Topic 4: Seemingly Irrelevant Decisions
Tasks for Topic 4
- Understanding Seemingly Irrelevant Decisions and their relationships to high-risk situations
- Identifying examples of Seemingly Irrelevant Decisions
- Practicing safe decision-making
As treatment progresses, patients will invariably encounter high-risk situations related to cocaine, even with the best efforts. Certain exposures are beyond the abuser's control, for example, living in an area where cocaine abounds but lacking the resources to relocate.
Another class of exposures, however, that patients often experience as beyond their control actually involves behaviors determined by the patients. Seemingly Irrelevant Decisions (Marlatt and Gordon 1985) refer to those decisions, rationalizations, and minimizations of risk that move patients closer to or even into high-risk situations, although they may seem unrelated to cocaine use.
Working with these Seemingly Irrelevant Decisions emphasizes the cognitive aspects of treatment. Those who benefit most from this process tend to possess intact cognitive functions and some ability to reflect upon their cognitive and emotional lives. This session is also particularly helpful to individuals who have trouble thinking through their behavior and its consequences, such as patients with residual attention-deficit/hyperactivity disorder, antisocial traits, or difficulty with impulse control. For such individuals, the material in this session (as well as the session on problem solving) often takes some time to be understood and assimilated, but it is usually valued highly.
The goals of this session are to:
- Understand Seemingly Irrelevant Decisions and their relationships to high-risk situations.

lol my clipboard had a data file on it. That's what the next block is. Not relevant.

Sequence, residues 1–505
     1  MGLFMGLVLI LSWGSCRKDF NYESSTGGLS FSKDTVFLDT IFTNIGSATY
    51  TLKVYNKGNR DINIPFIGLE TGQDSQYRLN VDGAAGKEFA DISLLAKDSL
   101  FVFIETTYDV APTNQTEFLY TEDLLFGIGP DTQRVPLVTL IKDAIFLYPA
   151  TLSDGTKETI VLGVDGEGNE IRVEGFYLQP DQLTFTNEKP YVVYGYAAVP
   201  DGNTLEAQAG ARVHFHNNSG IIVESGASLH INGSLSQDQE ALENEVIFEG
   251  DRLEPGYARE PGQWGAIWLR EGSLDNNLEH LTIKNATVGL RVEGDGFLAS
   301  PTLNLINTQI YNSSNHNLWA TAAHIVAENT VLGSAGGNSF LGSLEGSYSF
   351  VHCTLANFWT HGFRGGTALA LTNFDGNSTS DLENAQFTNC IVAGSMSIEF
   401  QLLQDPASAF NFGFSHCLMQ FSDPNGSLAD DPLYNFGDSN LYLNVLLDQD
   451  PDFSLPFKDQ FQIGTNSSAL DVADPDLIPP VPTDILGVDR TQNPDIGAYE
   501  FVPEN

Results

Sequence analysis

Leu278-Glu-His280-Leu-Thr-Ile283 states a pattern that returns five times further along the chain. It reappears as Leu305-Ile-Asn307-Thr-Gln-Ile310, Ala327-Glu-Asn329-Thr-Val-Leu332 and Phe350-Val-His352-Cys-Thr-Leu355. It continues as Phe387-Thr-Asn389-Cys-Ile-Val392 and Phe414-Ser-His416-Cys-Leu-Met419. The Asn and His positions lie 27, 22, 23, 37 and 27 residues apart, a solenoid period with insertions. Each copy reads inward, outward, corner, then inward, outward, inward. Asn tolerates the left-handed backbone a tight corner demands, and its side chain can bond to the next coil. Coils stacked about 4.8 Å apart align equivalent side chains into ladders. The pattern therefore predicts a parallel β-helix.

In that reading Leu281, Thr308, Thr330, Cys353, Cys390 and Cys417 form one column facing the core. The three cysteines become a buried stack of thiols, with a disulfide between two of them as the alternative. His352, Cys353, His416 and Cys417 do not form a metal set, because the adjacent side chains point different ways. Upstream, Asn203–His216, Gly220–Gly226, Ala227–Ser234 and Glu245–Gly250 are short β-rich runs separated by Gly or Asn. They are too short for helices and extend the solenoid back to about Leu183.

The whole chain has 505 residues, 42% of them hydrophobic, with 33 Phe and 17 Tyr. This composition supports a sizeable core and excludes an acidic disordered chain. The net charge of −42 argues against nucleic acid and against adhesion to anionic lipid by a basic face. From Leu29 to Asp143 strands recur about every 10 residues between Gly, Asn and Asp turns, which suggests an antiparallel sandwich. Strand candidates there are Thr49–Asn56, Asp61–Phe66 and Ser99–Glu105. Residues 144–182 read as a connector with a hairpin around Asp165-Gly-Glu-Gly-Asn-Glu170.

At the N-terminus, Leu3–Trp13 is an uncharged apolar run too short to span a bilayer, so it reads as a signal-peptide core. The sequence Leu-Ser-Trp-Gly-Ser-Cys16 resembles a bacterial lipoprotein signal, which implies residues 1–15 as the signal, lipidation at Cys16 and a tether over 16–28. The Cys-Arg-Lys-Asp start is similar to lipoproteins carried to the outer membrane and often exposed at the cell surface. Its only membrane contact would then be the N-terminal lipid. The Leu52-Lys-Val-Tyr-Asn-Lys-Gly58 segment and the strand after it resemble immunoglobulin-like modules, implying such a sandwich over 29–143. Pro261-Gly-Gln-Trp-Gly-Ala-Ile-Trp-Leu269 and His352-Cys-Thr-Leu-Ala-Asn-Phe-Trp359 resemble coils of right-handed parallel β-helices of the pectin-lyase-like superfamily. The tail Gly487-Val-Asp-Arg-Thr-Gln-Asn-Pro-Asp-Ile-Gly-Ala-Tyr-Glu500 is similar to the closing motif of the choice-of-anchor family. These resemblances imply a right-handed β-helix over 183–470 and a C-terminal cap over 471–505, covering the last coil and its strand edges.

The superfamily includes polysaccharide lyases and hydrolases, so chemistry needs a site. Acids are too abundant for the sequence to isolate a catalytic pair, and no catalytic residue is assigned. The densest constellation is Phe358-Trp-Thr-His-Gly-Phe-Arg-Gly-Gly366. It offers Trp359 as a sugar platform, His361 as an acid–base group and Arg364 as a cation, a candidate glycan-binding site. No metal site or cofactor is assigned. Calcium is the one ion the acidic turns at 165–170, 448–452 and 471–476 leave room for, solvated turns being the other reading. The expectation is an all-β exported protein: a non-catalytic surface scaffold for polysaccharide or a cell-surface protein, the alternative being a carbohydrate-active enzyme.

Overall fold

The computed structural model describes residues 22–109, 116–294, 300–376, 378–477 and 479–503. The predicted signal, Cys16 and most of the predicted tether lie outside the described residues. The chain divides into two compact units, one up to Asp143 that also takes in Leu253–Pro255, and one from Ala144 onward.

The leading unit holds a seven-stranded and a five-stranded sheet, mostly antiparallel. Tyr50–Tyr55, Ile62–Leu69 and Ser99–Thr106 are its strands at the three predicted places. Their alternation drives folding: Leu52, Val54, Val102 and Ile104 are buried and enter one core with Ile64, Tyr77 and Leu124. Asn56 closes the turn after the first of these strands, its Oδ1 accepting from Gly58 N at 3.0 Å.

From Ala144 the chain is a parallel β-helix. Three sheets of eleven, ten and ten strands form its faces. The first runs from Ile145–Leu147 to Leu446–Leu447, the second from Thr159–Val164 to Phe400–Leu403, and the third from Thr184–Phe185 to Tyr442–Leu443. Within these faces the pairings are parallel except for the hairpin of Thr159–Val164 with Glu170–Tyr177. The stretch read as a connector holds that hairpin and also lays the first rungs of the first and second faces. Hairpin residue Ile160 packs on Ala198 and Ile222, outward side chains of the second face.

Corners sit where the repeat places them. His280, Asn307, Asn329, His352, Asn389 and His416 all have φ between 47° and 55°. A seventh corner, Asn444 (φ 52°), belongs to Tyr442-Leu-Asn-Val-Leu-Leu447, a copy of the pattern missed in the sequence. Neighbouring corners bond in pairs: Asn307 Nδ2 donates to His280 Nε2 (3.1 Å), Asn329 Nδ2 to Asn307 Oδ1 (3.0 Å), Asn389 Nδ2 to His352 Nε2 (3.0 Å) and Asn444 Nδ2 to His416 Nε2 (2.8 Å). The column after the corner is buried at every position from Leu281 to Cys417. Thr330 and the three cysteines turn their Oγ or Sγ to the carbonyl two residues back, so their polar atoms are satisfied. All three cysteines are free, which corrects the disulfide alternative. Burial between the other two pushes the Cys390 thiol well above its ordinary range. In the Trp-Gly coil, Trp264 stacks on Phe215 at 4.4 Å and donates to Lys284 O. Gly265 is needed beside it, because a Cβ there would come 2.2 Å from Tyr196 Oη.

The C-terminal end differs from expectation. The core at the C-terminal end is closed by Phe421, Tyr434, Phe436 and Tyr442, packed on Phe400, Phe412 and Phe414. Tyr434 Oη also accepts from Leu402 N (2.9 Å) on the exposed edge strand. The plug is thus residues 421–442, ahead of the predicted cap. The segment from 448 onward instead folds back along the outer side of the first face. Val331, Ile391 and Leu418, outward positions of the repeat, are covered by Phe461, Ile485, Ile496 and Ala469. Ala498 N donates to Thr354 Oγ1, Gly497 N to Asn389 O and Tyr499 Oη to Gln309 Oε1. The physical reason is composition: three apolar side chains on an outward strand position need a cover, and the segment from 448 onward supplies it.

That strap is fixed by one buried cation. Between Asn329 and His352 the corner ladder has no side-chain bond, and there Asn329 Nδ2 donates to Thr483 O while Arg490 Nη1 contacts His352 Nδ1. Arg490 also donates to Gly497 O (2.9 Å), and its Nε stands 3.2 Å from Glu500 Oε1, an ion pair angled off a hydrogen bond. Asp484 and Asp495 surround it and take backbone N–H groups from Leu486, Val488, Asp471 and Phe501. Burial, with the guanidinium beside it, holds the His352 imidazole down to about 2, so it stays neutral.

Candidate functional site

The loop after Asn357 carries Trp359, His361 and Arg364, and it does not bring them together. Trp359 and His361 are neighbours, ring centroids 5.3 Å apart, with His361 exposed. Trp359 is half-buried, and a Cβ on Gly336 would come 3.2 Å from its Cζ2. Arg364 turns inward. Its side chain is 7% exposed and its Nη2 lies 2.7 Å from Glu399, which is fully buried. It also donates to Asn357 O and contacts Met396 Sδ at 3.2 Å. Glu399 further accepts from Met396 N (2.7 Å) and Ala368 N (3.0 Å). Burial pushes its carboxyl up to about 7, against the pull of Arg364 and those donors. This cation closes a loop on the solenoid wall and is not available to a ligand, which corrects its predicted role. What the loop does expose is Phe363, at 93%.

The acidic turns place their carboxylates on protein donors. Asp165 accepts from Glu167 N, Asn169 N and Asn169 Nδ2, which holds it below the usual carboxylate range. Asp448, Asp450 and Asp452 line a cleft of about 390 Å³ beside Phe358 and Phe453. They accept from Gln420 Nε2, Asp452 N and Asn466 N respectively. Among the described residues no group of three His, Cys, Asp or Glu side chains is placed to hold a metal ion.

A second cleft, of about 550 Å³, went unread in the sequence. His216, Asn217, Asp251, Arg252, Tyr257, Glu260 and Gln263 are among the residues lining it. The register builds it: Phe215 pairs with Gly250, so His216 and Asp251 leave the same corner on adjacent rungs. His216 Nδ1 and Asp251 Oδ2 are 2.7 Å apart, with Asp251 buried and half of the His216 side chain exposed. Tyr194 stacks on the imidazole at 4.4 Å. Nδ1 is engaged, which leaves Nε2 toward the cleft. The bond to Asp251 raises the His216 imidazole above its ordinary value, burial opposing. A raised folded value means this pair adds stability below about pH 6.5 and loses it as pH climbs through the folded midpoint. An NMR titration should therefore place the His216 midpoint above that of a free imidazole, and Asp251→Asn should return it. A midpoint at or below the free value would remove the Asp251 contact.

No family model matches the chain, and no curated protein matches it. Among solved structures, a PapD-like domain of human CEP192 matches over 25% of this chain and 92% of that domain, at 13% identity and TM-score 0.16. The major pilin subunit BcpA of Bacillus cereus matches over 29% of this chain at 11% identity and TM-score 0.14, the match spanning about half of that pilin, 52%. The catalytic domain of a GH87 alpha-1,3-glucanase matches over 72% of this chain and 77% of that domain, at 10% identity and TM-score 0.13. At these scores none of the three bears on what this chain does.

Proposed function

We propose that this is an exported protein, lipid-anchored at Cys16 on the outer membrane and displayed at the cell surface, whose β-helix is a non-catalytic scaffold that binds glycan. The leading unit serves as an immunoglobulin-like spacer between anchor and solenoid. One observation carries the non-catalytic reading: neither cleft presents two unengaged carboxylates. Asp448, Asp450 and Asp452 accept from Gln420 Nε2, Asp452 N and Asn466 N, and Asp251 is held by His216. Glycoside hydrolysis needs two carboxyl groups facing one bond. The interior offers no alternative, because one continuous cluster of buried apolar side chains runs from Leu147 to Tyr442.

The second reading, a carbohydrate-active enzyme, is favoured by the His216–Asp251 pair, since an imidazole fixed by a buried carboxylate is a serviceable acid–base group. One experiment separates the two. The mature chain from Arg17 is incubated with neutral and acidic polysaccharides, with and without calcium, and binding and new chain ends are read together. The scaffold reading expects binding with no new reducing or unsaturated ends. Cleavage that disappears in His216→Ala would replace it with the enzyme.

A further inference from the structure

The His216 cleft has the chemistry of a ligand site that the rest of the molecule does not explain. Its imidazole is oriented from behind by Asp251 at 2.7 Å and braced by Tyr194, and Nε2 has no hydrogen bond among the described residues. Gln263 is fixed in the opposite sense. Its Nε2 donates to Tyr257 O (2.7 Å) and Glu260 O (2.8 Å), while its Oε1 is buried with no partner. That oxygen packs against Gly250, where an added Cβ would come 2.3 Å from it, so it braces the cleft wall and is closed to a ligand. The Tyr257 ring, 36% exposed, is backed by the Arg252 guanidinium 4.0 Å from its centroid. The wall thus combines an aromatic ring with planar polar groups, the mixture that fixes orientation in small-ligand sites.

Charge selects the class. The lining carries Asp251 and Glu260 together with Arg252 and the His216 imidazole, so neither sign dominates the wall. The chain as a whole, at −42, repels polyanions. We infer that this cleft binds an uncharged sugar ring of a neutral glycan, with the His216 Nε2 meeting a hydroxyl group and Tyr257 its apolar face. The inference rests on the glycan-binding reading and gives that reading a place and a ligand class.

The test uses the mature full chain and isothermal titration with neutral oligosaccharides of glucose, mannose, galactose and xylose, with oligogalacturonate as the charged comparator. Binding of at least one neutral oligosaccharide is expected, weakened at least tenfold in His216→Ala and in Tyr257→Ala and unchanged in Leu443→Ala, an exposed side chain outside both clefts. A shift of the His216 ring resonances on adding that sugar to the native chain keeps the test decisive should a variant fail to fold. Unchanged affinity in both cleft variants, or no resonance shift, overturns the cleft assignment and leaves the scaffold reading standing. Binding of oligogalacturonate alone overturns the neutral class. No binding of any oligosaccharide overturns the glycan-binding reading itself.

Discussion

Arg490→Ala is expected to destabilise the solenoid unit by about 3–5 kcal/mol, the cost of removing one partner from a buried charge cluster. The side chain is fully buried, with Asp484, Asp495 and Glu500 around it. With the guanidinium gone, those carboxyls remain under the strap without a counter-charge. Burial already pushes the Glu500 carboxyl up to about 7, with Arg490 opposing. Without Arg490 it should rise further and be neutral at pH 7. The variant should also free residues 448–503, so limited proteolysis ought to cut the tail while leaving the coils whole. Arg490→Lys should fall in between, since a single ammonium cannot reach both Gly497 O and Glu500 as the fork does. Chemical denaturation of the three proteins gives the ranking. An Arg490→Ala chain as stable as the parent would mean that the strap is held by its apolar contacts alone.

- Identify examples of Seemingly Irrelevant Decisions.
- Practice safe decision-making.
Understand Seemingly Irrelevant Decisions
A critical task for therapists is to teach patients how to recognize and interrupt Seemingly Irrelevant Decision chains before the onset of actual use. While it is possible to interrupt such a chain at any point prior to use, it is more difficult toward the end of the chain when patients may already be in situations where cocaine is available and conditioned cues abound. Thus, it is desirable to teach patients how to detect the decisions that commonly occur toward the beginning of the chain, where risk, craving, and availability of cocaine are relatively low.
This may involve patients' learning to detect subtle but painful affect states that they frequently try to counter with cocaine, such as boredom or loneliness. It often involves familiarizing patients with their distortions of thinking (e.g., rationalizations, denial) so these may be detected and used as signals for greater vigilance.
Certain distortions are fairly common, such as the thought, "I could handle going to a bar." Others, however, are more reflective of the patient's cognitive style. For instance, one patient tended to project his thoughts onto others. In describing a relapse, during which the patient had encountered a friend who had cocaine, the patient stated, "I caught him with his guard down." Another patient, recounting a slip, described the various thoughts he experienced prior to winding up in an area of town where his former dealer resided and where the patient eventually used cocaine. He stated that earlier he thought "I have to go to the bakery" which "happened" to be in a high-risk area, but he had not linked this with a desire to use. The therapist pointed out that his use of "I have to..." sounded very much like craving. Here, again, the patient could now catch himself "having" to do certain things which led to high-risk activities or locations.
Another variation of this phenomenon occurs in treatment when patients tell therapists that they "have" to take "this vacation," "attend that party," "spend time" with particular drug-using friends, and so on. These provide therapists with the opportunity to relate the patients' urgency to engage in such activities with the urge to use cocaine.